IOM Care Need

Living with Illness

IOM Domain

Effectiveness

Bibliographic Source(s)

Wippold FJ, Cornelius RS, Aiken AH, Amin-Hanjani S, Berger KL, Broderick DF, Davis PC, Douglas AC, Hoh BL, Mechtler LL, Smirniotopoulos JG, Expert Panel on Neurologic Imaging. ACR Appropriateness Criteria® focal neurologic deficit. [online publication]. Reston (VA): American College of Radiology (ACR); 2012. 11 p. [44 references]

Adaptation

Not applicable: The guideline was not adapted from another source.

Date Released

2006 (revised 2012)

Guideline Developer(s)

American College of Radiology - Medical Specialty Society

Source(s) of Funding

The American College of Radiology (ACR) provided the funding and the resources for these ACR Appropriateness Criteria®.

Guideline Committee

Committee on Appropriateness Criteria, Expert Panel on Neurologic Imaging

Composition of Group That Authored the Guideline

Panel Members: Franz J. Wippold II, MD (Principal Author and Panel Chair), Mallinckrodt Institute of Radiology, Saint Louis, Missouri; Rebecca S. Cornelius, MD (Panel Vice-chair), University of Cincinnati, Cincinnati, Ohio; Ashley H. Aiken, MD, Emory Healthcare, Atlanta, Georgia; Sepideh Amin-Hanjani, MD, University of Illinois College of Medicine, Chicago, Illinois, American Association of Neurological Surgeons/Congress of Neurological Surgeons; Kevin L. Berger, MD, Michigan State University, East Lansing, Michigan; Daniel F. Broderick, MD, Mayo Clinic Jacksonville, Jacksonville, Florida; Patricia C. Davis, MD, Northwest Radiology Consultants, Atlanta, Georgia; Annette C. Douglas, MD, Indiana University Health, University Hospital, Indianapolis, Indiana; Brian L. Hoh, MD, University of Florida, Gainesville, Florida, American Association of Neurological Surgeons/Congress of Neurological Surgeons; Laszlo L. Mechtler, MD, Dent Neurologic Institute, Amherst, New York, American Academy of Neurology; James G. Smirniotopoulos, MD, Uniformed Services University, Bethesda, Maryland

Financial Disclosures/Conflicts of Interest

Not stated

Guideline Status

This is the current release of the guideline.

This guideline updates a previous version: Wippold FJ II, Brunberg JA, Cornelius RS, Davis PC, De La Paz RL, Dormont D, Gray L, Jordan JE, Mukherji SK, Seidenwurm DJ, Turski PA, Zimmerman RD, Sloan MA, Expert Panel on Neurologic Imaging. ACR Appropriateness Criteria® focal neurologic deficit. [online publication]. Reston (VA): American College of Radiology (ACR); 2008. 11 p. [41 references]

Guideline Availability

Electronic copies: Available from the American College of Radiology (ACR) Web site External Web Site Policy.

Print copies: Available from the American College of Radiology, 1891 Preston White Drive, Reston, VA 20191. Telephone: (703) 648-8900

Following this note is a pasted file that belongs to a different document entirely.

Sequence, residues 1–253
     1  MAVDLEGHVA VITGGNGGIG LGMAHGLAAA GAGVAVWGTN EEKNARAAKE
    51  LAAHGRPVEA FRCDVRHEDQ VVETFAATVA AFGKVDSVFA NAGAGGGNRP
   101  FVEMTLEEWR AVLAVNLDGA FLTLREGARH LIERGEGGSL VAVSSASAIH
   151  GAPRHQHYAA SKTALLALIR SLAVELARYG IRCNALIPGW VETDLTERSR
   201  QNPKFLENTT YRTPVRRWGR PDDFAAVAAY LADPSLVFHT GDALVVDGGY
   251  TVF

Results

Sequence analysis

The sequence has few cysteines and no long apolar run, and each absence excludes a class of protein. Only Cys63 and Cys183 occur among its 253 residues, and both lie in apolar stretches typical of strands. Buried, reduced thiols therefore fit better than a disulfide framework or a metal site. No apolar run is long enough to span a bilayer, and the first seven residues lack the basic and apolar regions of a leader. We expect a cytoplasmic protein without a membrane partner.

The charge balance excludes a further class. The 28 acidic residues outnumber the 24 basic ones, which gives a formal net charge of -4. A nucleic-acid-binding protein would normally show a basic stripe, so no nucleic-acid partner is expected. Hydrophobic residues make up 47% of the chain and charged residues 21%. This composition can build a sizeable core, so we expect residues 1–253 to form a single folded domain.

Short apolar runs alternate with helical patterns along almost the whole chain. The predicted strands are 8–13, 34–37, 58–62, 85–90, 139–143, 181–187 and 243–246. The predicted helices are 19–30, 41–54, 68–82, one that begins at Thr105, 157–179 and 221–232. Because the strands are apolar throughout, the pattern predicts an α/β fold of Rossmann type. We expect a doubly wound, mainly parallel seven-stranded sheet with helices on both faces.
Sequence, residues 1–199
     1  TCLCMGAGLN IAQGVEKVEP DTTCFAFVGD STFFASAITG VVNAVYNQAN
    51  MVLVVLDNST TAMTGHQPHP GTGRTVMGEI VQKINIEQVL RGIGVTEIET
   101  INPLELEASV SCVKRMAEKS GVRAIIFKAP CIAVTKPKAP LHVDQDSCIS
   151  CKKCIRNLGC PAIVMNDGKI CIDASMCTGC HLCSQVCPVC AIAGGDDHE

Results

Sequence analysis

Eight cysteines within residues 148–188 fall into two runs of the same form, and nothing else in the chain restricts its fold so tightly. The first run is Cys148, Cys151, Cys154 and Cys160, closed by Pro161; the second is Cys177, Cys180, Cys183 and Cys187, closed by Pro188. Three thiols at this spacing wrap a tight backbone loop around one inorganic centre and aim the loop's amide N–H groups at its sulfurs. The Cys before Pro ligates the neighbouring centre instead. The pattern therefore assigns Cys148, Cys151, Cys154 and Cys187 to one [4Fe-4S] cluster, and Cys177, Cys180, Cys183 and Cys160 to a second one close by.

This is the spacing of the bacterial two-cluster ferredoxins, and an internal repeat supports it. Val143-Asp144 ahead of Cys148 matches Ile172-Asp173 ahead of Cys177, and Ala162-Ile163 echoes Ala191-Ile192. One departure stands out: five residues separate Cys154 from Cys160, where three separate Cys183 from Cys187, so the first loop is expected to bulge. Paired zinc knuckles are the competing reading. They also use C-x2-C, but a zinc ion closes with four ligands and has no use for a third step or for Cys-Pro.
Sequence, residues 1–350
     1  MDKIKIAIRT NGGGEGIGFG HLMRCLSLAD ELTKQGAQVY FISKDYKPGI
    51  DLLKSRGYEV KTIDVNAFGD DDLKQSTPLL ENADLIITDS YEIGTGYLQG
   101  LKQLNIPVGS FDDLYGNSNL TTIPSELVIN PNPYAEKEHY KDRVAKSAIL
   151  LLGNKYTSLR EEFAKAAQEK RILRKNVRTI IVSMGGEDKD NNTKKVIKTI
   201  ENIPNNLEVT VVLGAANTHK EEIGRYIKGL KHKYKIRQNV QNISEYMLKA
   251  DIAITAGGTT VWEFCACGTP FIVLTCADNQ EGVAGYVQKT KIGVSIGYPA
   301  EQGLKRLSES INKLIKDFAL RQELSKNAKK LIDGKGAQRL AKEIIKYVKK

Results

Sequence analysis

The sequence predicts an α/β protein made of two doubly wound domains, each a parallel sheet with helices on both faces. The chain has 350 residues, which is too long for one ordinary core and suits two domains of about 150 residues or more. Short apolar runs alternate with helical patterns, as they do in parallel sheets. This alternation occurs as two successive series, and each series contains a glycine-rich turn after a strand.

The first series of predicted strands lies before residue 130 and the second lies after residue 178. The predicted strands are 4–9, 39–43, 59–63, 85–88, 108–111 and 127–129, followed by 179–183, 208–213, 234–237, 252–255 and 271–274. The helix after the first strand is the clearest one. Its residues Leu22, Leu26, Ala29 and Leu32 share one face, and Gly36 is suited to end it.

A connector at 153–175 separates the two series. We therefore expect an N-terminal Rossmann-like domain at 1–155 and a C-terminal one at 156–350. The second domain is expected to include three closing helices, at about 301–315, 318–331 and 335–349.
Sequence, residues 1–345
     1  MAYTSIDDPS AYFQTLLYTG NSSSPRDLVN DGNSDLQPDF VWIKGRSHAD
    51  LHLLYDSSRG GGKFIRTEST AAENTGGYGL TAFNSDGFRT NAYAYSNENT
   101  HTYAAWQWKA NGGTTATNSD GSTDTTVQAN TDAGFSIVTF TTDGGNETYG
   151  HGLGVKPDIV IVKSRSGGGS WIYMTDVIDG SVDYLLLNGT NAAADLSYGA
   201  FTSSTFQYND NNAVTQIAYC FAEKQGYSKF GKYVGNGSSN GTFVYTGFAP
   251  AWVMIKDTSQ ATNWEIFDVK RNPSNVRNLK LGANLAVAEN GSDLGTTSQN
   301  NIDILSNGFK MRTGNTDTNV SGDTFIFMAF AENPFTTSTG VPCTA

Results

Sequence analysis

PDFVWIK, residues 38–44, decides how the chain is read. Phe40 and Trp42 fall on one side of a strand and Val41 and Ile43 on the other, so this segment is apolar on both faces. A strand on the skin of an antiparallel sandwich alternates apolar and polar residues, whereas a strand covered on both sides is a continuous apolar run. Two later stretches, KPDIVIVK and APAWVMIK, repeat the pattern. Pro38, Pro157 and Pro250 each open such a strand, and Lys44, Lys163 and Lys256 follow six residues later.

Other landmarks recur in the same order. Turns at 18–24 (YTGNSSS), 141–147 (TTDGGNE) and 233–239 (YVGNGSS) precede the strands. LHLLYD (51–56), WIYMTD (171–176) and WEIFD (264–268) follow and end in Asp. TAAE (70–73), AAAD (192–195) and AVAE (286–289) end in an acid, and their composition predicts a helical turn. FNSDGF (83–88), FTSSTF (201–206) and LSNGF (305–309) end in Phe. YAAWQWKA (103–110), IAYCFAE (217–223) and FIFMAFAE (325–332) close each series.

Availability of Companion Documents

The following are available:

  • ACR Appropriateness Criteria®. Overview. Reston (VA): American College of Radiology; 2 p. Electronic copies: Available in Portable Document Format (PDF) from the American College of Radiology (ACR) Web site External Web Site Policy.
  • ACR Appropriateness Criteria®. Literature search process. Reston (VA): American College of Radiology; 1 p. Electronic copies: Available in Portable Document Format (PDF) from the ACR Web site External Web Site Policy.
  • ACR Appropriateness Criteria®. Evidence table development – diagnostic studies. Reston (VA): American College of Radiology; 2013 Nov. 3 p. Electronic copies: Available in PDF from the ACR Web site External Web Site Policy.
  • ACR Appropriateness Criteria®. Radiation dose assessment introduction. Reston (VA): American College of Radiology; 2 p. Electronic copies: Available in Portable Document Format (PDF) from the ACR Web site External Web Site Policy.
  • ACR Appropriateness Criteria®. Manual on contrast media. Reston (VA): American College of Radiology; 92 p. Electronic copies: Available in PDF from the ACR Web site External Web Site Policy.
  • ACR Appropriateness Criteria®. Procedure information. Reston (VA): American College of Radiology; 1 p. Electronic copies: Available in PDF from the ACR Web site External Web Site Policy.
  • ACR Appropriateness Criteria® focal neurologic deficit. Evidence table. Reston (VA): American College of Radiology; 16 p. Electronic copies: Available from the ACR Web site External Web Site Policy.

Patient Resources

None available

NGC Status

This NGC summary was completed by ECRI on September 6, 2006. This summary was updated by ECRI Institute on May 17, 2007 following the U.S. Food and Drug Administration (FDA) advisory on Gadolinium-based contrast agents. This summary was updated by ECRI Institute on June 20, 2007 following the U.S. Food and Drug Administration (FDA) advisory on gadolinium-based contrast agents. This summary was updated by ECRI Institute on June 30, 2009. This summary was updated by ECRI Institute on January 13, 2011 following the U.S. Food and Drug Administration (FDA) advisory on gadolinium-based contrast agents. This NGC summary was updated by ECRI Institute on September 13, 2012.

Copyright Statement